The Integration of Two “Brotherhoods” into One Organizational Culture: A Psycho-social Perspective on Merging Police and Fire Services
While organizational mergers may not yet be as commonplace in public enterprise as in private industry, they present similar challenges in terms of the complexities of seamlessly blending the multiple stakeholders involved. As a result, despite their often grandiose ambitions, mergers have not always met with unequivocal success. While the reasons involved can be as divergent as the agencies themselves, research has tended to implicate merger administrators for insufficient attention to organizational culture as a key explanatory factor. In an effort to more closely examine this potential linkage as it relates to public sector mergers, the case study described herein analyzes the role of organizational culture in the merger of two independent entities (a sheriff’s office and fire-rescue services) and describes techniques employed to enhance the compatibility of their unification. Through a combination of interviews with transition team members and analysis of relevant records, the merger process is explored from three theoretical perspectives—i.e., work-related identity, person–environment “fit” (individual–cultural alignment), and employer–employee reciprocity. Using this theoretical framework, insights are provided into the manner in which these two distinct workplace cultures have been organizationally integrated. Copyright Springer Science+Business Media, LLC 2007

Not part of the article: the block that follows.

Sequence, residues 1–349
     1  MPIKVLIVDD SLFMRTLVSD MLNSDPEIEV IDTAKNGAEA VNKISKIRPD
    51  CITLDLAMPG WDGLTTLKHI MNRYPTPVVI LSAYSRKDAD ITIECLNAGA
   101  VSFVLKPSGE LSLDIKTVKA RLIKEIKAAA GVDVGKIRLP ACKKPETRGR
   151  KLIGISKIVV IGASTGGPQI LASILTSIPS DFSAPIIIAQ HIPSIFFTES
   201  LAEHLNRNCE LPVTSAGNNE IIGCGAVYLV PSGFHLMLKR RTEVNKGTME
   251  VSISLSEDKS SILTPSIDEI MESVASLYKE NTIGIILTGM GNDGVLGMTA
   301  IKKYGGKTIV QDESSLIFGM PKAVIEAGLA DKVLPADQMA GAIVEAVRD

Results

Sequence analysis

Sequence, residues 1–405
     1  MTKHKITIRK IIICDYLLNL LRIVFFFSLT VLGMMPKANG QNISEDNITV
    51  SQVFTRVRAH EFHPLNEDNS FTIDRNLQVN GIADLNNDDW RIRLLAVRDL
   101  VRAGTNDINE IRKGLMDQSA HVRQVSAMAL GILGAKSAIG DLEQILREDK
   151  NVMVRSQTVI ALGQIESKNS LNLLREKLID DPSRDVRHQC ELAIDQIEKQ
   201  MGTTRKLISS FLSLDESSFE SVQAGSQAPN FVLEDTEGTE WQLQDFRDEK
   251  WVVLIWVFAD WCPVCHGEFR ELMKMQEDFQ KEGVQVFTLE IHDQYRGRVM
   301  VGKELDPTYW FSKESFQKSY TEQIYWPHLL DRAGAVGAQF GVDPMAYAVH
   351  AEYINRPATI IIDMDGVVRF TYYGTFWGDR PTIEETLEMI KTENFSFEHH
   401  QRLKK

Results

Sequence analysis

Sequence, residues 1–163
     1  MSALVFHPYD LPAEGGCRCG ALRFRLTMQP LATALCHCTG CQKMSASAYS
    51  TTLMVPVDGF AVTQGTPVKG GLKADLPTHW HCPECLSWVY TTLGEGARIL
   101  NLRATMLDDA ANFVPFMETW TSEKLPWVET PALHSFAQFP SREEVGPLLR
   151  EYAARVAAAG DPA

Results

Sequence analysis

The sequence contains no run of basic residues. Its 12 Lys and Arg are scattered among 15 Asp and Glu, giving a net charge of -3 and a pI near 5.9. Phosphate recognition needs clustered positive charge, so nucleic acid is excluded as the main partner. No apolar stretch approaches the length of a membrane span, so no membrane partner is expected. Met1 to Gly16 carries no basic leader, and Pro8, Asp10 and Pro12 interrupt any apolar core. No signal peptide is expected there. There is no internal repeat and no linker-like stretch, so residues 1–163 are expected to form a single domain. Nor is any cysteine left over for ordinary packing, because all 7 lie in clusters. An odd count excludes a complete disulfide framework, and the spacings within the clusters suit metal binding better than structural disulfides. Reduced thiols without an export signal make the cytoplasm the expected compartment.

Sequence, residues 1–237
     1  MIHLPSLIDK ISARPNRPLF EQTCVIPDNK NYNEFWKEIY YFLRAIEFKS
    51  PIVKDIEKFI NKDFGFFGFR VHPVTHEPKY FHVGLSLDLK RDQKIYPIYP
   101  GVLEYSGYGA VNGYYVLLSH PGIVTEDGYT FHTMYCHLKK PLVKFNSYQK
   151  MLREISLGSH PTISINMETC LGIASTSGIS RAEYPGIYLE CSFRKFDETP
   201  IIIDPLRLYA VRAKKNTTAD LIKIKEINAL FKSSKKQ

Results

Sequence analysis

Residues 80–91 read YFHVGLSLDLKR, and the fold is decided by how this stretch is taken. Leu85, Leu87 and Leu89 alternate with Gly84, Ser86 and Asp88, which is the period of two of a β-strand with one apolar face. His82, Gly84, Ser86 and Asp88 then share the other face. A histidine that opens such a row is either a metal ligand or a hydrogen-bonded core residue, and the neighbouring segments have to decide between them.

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- S. Illeris & G. Akehurst, 2002. "Introduction," The Service Industries Journal, Taylor & Francis Journals, vol. 22(1), pages 1-3, January.
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